Beyond Forecasting_ How to Use Scenario Planning to Map the Future - ICEF Monitor - Market Intelligence for International Student Recruitment

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Más allá de los pronósticos: uso de escenarios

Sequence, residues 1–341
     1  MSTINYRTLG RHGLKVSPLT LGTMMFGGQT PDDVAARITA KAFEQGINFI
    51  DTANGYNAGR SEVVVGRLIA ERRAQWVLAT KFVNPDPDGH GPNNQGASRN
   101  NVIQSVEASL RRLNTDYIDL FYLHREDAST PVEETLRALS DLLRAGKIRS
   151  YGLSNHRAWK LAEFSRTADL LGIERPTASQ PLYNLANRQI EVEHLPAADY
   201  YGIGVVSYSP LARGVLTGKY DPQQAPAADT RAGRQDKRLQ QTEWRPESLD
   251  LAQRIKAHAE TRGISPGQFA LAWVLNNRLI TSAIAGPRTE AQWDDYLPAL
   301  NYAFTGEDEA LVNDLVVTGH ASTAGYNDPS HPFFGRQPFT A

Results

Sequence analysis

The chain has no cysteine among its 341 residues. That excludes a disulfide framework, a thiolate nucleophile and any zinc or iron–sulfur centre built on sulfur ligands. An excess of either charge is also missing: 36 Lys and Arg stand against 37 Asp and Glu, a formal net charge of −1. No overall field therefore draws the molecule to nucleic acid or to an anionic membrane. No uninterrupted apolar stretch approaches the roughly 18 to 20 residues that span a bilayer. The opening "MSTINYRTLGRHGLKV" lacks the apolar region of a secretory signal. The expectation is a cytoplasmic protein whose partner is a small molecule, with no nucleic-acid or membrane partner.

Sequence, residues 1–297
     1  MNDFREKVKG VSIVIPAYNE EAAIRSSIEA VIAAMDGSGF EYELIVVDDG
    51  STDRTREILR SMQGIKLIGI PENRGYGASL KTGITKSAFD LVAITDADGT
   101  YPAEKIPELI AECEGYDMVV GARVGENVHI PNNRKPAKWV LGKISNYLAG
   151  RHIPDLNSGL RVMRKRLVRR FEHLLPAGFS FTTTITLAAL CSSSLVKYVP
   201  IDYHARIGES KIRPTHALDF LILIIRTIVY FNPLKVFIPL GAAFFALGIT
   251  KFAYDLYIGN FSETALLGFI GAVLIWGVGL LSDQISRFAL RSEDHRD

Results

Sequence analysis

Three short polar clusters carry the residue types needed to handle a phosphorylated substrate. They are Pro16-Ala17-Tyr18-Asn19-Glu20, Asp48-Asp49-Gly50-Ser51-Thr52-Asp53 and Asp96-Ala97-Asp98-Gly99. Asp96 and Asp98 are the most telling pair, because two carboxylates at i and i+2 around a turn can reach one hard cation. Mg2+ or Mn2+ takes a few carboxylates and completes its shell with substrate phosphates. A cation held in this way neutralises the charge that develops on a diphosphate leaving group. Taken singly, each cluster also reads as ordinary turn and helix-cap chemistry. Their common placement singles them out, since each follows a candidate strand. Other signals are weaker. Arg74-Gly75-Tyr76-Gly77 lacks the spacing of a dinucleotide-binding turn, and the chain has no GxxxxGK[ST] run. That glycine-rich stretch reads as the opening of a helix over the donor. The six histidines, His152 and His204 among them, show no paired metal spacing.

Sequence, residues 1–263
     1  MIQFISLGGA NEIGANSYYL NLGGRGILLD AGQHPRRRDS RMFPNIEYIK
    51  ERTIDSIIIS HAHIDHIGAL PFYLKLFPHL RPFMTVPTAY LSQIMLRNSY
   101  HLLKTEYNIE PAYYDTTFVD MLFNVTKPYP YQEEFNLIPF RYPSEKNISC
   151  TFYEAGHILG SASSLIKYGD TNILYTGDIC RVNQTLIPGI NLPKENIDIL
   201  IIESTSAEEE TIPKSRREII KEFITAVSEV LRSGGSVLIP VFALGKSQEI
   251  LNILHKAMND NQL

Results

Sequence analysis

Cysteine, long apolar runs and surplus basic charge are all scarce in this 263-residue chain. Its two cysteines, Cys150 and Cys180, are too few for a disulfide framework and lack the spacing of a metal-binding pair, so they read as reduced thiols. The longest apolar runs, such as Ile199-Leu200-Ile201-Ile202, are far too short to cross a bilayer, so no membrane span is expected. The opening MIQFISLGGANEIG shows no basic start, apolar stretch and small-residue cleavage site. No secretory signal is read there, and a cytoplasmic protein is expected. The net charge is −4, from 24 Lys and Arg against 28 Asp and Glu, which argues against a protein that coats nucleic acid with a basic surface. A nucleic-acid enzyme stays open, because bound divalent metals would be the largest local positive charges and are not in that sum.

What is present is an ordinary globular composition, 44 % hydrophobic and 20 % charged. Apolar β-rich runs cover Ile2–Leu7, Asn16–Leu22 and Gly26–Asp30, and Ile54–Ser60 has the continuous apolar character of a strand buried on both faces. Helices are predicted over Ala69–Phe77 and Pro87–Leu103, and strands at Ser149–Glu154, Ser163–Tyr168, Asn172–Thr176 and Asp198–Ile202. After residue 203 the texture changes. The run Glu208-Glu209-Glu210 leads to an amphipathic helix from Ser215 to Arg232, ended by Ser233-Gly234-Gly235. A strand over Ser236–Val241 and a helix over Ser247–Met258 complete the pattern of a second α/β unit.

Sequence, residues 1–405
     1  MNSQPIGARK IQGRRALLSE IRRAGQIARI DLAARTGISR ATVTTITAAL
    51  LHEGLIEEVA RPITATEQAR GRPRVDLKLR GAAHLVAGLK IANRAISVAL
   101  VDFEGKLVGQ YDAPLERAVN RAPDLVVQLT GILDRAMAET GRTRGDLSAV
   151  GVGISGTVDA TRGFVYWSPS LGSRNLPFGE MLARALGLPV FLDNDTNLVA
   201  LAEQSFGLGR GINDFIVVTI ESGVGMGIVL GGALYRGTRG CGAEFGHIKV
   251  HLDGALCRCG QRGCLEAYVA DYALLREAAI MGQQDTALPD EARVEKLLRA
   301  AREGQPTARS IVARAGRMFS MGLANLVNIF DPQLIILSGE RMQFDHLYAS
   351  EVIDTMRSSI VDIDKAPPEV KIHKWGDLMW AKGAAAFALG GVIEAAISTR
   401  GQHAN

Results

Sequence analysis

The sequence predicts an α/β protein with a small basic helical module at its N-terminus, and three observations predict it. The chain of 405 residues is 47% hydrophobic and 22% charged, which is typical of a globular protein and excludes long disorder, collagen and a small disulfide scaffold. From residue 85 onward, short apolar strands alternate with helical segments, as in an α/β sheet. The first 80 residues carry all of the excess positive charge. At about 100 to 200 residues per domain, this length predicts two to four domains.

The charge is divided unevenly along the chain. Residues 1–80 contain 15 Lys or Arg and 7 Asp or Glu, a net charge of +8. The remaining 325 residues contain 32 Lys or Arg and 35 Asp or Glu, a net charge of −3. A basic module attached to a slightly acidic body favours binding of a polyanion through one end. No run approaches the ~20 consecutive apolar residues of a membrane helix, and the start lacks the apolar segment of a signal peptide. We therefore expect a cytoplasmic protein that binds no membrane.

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  2/10/2015 Beyond forecasting: how to use scenario planning to map the future - ICEF Monitor - Market intelligence for international student recruitmenthttp://monitor.icef.com/2014/02/beyond-forecasting-how-to-use-scenario-planning-to-map-the-future/ 1/7 Home About Contact Search Beyond forecasting: how to use scenario planning to mapthe future The following is a guest post by Woody Wade from Wade & Co, a management consultancy specialising in future scenario planning.  More and more, educational institutions, associations, and student recruitment agencies areturning to a technique called scenario planning to help them visualise how their future recruitinglandscape could change over time. By using this creative yet str uctured process to envisagealternative future terrains, they can craft more flexible marketing strategies today. What is scenario planning? Planning for the future? Of course you are. We all are. But if you want a solid plan, you need tobase it on a solid vision of the future – and in a constantly changing world, how muchinformation do you have about the future that you can really count on? Probably not much.In some form or another, almost every organisation uses a process of forecasting to try toproject the way things will develop for them in the future. Basing plans on such forecasts may beacceptable if your time horizon is just a couple of years, but for an institution developing a strategy meant to assure its competitiveness five or ten years from now, forecasts andprojections may be worse than merely unreliable – they may in fact be dangerous .This is because projections paint a picture of the future as if it will be a variant of the way thingsalready are today. Take the curr ent numbers, tweak them a bit, extrapolate into the future, and  – hey presto! – you’ve created a picture of how your markets will look five or ten years from now. Or you think you have, and therein lies the problem. By forecasting some of the key variables that determine the dimensions of your internationalrecruitment landscape (variables such as current enrolment growth from your key sourcemarkets, availability of financial aid, population growth, etc.), your gaze is firmly focused on a setof essentially marginal details.Our contention, on the other hand, is that it is not so much these variables but rather bigger,broader forces and developments that are more likely to have a dramatic impact on how your world changes in the years ahead.There are all sorts of shifts in the global marketplace that could affect your institution’s or company’s future success as a recruiter of international students, such as:Economic shifts or currency exchange rate fluctuations;The arrival of new, high-visibility competitors in your market;Technological innovations (e.g., MOOCs, broadband Internet access);Political upheavals;Legislative changes (e.g., immigration rules, government spending);Shifting attitudes on the part of foreign students, their parents, or future employers (e.g.,willingness to spend on education, perceived value of education).We believe it is this latter type of change – fundamental and often unexpected – that has thepotential to turn your world upside down (for better or worse). Yet changes like these are notbased on mere extrapolations from the present, so they are rarely, if ever, captured in even themost detailed forecasts. FollowSubscribe Stay up to date on the latest news and marketintelligence! Join our 36,000+ subscribersand sign up now to receive free alerts. Get updates @ICEFmonitor 20 Feb 2014  25 Like Tweet  42  11Share 2  37 Strategy Marketing Research Categories Regions  2/10/2015 Beyond forecasting: how to use scenario planning to map the future - ICEF Monitor - Market intelligence for international student r ecruitmenthttp://monitor.icef.com/2014/02/beyond-forecasting-how-to-use-scenario-planning-to-map-the-future/ 2/7 This is where scenario planning comes into play. By imagining how those uncertainties couldplay out, you can generate the outlines of a range of different future scenarios – alternativeways your recruitment environment could realistically develop.Sadly, even though its logic helps you visualise how different futures could unfold, scenarioplanning can’t tell you what will actually happen. But it is not intended to be a tool for  predicting  the future, but rather for exploring   it. Using scenario planning techniques, you generate plausibleand eye-opening ideas about what could   happen in your market environment.With these insights, you will then be able to recognise that each potential future landscape isassociated with certain opportunities and threats. This in turn allows you to ask critical questionsabout your readiness to compete:What issues would you have to address in each scenario if you want your recruitmentefforts to be successful?What capabilities would your institution or agency need to master in order to thrive in eachscenario? Are there specific strengths you would need to beef up, or weaknesses youwould need to overcome?What policies – financial aid, marketing, student services, human resources – would serveyour institution/agency best in each scenario? How much would they cost to implement?Where should you put your priorities?Thinking about the future in terms of alternative landscapes means you can make more flexible,more thoughtful, and better strategic decisions today. Instead of putting all your eggs in onebasket, you can develop a more nuanced approach to your recruiting strategy, and better anticipate how the lay of the land could change. Scenarios for Asian student recruitment  At the 2013 EAIE Conference in Istanbul, we ran a mini-workshop aimed at generating four plausible future scenarios for Asian student recruitment.Normally the structured approach we use to define future scenarios follows a process that takesa day or so to delve into, but in the short time we had available, we focused the discussion on just three key steps. Step one First, we elicited from the group a number of so-called “driving forces” – trends or developmentsthat could have an impact, directly or indirectly, large or small, on how recruiting Asian studentscould pan out in the future. These factors could include almost anything, but scenario plannersoften use a shorthand called “PEST” to focus the list of influential trends on these four categories:Political;Economic;Societal;Technological.In the workshop, the list of PEST factors we came up with included such potential forces aschanges in immigration rules (Political), currency imbalances (Economic), the role of religion(Societal) and the quality of simultaneous translation delivered online (Technological), amongseveral others in each category. Altogether, the group listed 21 different potential drivers of change; not bad for just a fewminutes’ work (although when you have more time, workshops can sometimes come up with150 or more driving forces, ranging from the trivial to the seismic). Step two The second step was to filter this list of driving forces down from over 20 to only two – the most“critical uncertainties” of them all.This is necessary for two reasons: you just can’t work with 21 variables (let alone 150); you’d beparalysed. And, by identifying the two forces that could each have the greatest potential impacton the future, while at the same time being the most uncertain to know in advance how they willunfold, you define the parameters of four different scenarios that realistically have the potentialto emerge – and make a big difference if they do. Popular  RecentDriving international #student recruitment resultswith a new marketing approach: #growthhackinghttp://t.co/hVRlP4plIF #marketingtechniques - 2 hours agoWho's attending #NACAC15 in San Diego? Weare at Booth #1105. Come say hello and learnhow we can help boost your #intlstudentenrollments - 3 hours agoUS federal court to curtail current work rights for US #STEM graduates; DHS has until Feb 2016to introduce new rules http://t.co/gDm0c5KATH -4 hours agoFrom the field: Agent perspectives on thechanging #Ukrainian markethttp://t.co/Yx1tfuRYXk #internationaleducation#студенти #education - 5 hours ago Survey explores the ways in which #studentsbenefited from completing a #MOOC  Featured Posts Building a winning brand through customer experience designChallenges in Vietnamese higher educationcontributing to demand for study abroadFour trends that are shaping the future of globaltudent mobilityIndian engineering graduates held back by limitedEnglishThe Brazilian market for English language learningChinese economy shifting but demand for studyabroad expected to remain strongustralian education exports reach AUS$18 billionin 2014/15New surve findin s on di ital channels for colle e ICEF Videos From the field: The internationalstudent market in Azerbaijan  2/10/2015 Beyond forecasting: how to use scenario planning to map the future - ICEF Monitor - Market intelligence for international student recruitmenthttp://monitor.icef.com/2014/02/beyond-forecasting-how-to-use-scenario-planning-to-map-the-future/ 3/7 Looking ten years ahead, the two factors that our group decided were the most criticaluncertainties were:Would the key Asian source markets be politically stable?Would MOOCs be effective competitors to traditional education? Step three The third step was to combine these two critical uncertainties into a matrix, like this:The resulting quadrants of this matrix each represent a different, but still possible, future“landscape” in which an educational institution or international student recruitment agencyinterested in recruiting Asian students may find itself operating in ten years’ time.What would be the special characteristics of each of these landscapes, from a recruiting point of view? What unique challenges and opportunities would each one present to a marketing team?Here is a taste of the ideas that workshop participants came up with (greatly simplified!): Scenario 1:  Faced with declining interest on the part of Asian students to leave their homecountry to study abroad, schools should jump on the MOOC bandwagon and be preparedto shift their marketing energies to other areas of the world. Scenario 2:  Asian students show an increasing interest to leave home, but the competitivethreat of MOOCs has to be overcome. So marketing should emphasise personal mentoringand networking benefits. Scenario 3:  Given our assumptions with respect to political instability (as shown in thegraphic above), demand is high and MOOCs are weak. Scenario 4:  With a decade of Asian stability, and MOOCs having stalled, excellent Asianschools may have established themselves, and intra-Asian competition would be a factor tobe reckoned with. What to do if you’re a European or American institution? Emphasise thevalue of the things these Asian schools won’t have built up yet, such as alumni networks or  job placement assistance.The slide deck below offers additional details on various assumptions and scenarios based ondifferent types of schools. ICEF Monitor Intervie... Go to the accompanying article  2/10/2015 Beyond forecasting: how to use scenario planning to map the future - ICEF Monitor - Market intelligence for international student recruitmenthttp://monitor.icef.com/2014/02/beyond-forecasting-how-to-use-scenario-planning-to-map-the-future/ 4/7  1 of 7 The student recruitment landscape in Asia in 2023 from ICEF Monitor. Taking it home This example was designed so that the workshop participants could return home and go throughthis exercise looking at issues that are highly specific to their individual school or recruitingagency, and assess their possible strategic response to each scenario based on their actualstrengths and weaknesses, their academic offerings (or those of their partners), and their degree of adaptability to change. A December 2013 scenario planning exercise undertaken by English Australia provides another interesting example. In the Australian example, the two dimensions they explored were“alignment” and “competitiveness.”Within this process, alignment can be understood to encompass such factors as:the extent of unification across sector;the degree to which Australia harnesses its capabilities as a nation;the capacity of the English language training sector to speak with a unified voice;how effective the industry is in articulating its brand and identity.Competitiveness, meanwhile, refers to such factors as the sustainability of the ELICOS businessmodel, the regulatory environments, the prevalence of price competition, the relative cost of living in Australia, general economic conditions, and the competitive context for Australianproviders.The following four scenarios were established when these two key forces were mapped againsteach other: